Chris, 24, competes for Shettleston Harriers and has made an impressive start to the season; throwing a Scottish Men's League record of 71.37metres in his opening competition of the season in Aberdeen.
He followed that up with a throw of 70.34metres at the European Club Cup in Portugal.
The Glasgow-born athlete seemed in good spirits ahead of the Games.
He said: "It's getting quite hectic. I'm down in London training pretty much every weekend, meaning I don't have much time to myself at the moment."
He added: "Training's going pretty well, I've had a couple of wee niggles the past few months.
"I had tonsillitis then I had a problem with my shoulder but apart from that everything is hunky-dory and I'm ready to rumble."
However in the past year his preparation and training have changed drastically due to the death of his coach Alan Bertram MBE.
Consequently, Chris now has a new coach and trains with Mike Jones, who himself was coached by the legendary Bertram, and who helped him win the 2002 Commonwealth hammer gold in Manchester.
Chris said: "We've made quite a few changes; weights are still the same but a lot of the other stuff regarding throwing is different, in particular there are a lot of technical changes.
"It's been quite different the way we have trained this year but it's been good and it's paid off."
It's no secret that there is an added pressure for athletes competing in front of a home crowd.
Despite this, Chris appeared to be enthused by the prospect of the Glasgow crowd at Hampden.
He said: "The fact I come from Glasgow and there will be 45,000 people there watching, many of whom are Glaswegians, makes it special.
"It's something pretty surreal that I'm never going to experience again in my life; it spurs you on a little bit."
He added: "People talk about it being pressure but it's not, it's just added incentive.
"They don't want you to fail, it's not pressure; I see it as an opportunity rather than pressure.
"It's never going to happen in our lifetime again so you just need to embrace it."
Although the crowd will be a significant factor in Glasgow, the hammer is an extremely technical event where there is a fine line between success and failure.
A thrower's technique as well as the weather conditions can be the key in determining how they fare in a competition.
Chris said: "It's a lot of technical, keeping your nerve under the pressure of competition and staying focused.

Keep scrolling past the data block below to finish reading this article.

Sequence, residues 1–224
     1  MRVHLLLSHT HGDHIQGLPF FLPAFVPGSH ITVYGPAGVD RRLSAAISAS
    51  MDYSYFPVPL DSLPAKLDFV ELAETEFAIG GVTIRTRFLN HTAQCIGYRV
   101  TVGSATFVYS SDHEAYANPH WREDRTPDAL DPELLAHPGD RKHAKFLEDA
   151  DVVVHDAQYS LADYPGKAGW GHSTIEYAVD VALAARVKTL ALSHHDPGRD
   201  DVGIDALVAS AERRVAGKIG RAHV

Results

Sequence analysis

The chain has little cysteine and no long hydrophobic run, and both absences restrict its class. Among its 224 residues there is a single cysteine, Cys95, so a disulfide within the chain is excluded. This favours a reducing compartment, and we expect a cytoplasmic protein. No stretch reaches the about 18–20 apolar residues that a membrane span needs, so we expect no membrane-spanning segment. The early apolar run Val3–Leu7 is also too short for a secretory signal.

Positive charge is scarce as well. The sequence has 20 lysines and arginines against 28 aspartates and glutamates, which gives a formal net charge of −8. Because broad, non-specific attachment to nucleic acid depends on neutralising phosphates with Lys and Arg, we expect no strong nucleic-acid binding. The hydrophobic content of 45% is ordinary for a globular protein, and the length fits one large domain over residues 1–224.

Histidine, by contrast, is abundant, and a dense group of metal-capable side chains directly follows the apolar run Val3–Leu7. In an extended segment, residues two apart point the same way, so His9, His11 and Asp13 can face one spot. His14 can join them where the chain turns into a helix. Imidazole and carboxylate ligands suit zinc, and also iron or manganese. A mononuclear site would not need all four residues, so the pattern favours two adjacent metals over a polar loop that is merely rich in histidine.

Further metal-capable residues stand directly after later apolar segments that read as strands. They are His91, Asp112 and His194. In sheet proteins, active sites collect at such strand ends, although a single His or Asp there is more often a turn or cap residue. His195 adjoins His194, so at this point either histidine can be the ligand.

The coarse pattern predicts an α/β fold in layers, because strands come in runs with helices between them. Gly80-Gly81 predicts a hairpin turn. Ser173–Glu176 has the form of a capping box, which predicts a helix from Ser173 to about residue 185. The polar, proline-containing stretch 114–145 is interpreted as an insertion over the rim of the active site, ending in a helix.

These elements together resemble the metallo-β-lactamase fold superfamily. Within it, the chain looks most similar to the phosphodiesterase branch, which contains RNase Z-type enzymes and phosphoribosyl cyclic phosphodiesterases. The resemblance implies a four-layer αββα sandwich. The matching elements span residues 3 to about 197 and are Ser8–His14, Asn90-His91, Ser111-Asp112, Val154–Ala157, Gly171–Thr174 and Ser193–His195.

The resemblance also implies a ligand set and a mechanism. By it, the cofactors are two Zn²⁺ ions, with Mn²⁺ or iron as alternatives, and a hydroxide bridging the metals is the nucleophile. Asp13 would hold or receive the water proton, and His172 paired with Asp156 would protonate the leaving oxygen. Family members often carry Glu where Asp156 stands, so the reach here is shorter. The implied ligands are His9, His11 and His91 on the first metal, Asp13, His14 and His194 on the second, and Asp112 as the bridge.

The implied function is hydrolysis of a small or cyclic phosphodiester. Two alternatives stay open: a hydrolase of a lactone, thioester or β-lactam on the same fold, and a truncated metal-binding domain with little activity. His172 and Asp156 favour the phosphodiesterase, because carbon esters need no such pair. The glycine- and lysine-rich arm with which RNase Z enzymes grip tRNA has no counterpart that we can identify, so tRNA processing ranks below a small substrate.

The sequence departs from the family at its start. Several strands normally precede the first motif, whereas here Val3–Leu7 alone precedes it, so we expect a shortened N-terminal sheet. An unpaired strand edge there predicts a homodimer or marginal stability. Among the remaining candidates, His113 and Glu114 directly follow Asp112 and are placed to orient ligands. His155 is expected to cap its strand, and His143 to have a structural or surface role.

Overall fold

"You can't try and rush it [your throw], you have to be patient and just let it happen and almost make it feel effortless."
He added: "When it feels effortless it's probably going to go far but when you try to muscle it and smash it out the park it isn't going to go far at all."
Although his new personal best of 71.37metres would have won him a bronze medal in 2010 at the Delhi games, Chris is refusing to get carried away about the prospect of a podium finish in Glasgow.
He stated adamantly: "Listen people are talking about 71metres being a medal last time, but let's just put it in perspective.
"If I can go on the day and perform to my best then anything can happen.
"It's shown in the last couple of Commonwealth Games where if you are throwing 71, 72, 73metres you are in amongst the medals."
He added: "You know what, if I am in amongst the medals throwing that then I will be happy, and if it's not enough and I still throw a personal best on the day I can't exactly be disappointed about it.
"You go out, you perform on the day, do what you can do and if that's not good enough then fair enough, but if it is, happy days."
Chris will be a medal contender in Glasgow; nevertheless he seemed well aware that he faces competition not only from athletes from other countries but also from his fellow Team Scotland competitors.
He said: "There are two Scottish guys Mark Dry and Andy Frost.
"Mark was ranked number one in the Commonwealth last year and Andy was ranked number four or five.
"There are also a couple of guys from England [Nick Miller and Alex Smith].
"You have the South African [Chris Harmse] who won it in 2010 and a Canadian [James Steacy] who won a silver medal at Melbourne.
"The guys you are looking out for are those from the Home Nations in my eyes, they are the ones that are used to performing in these climates."
It was interesting to discover that Chris also has a number of superstitious routines prior to a competition.
He paused for thought before answering: "I'll always train the morning of the competition so I will always do six or seven throws the morning of that competition.
"I also normally stay in the same hotel before competitions and I will always eat at the one restaurant; stupid wee things to keep me in a routine.
He laughed then added: "Maybe shaving my legs before a competition as well, I tend to do that quite a bit.
"I don't know why but it seems to be becoming the norm now; it's a weird one to do."
Chris will be hoping that his strong start to the season will continue and that it will culminate in a medal winning performance inside Hampden Stadium at Glasgow 2014.
The Hammer Throw competition begins on Sunday, July 27 with the final taking place the evening after on Monday, July 28.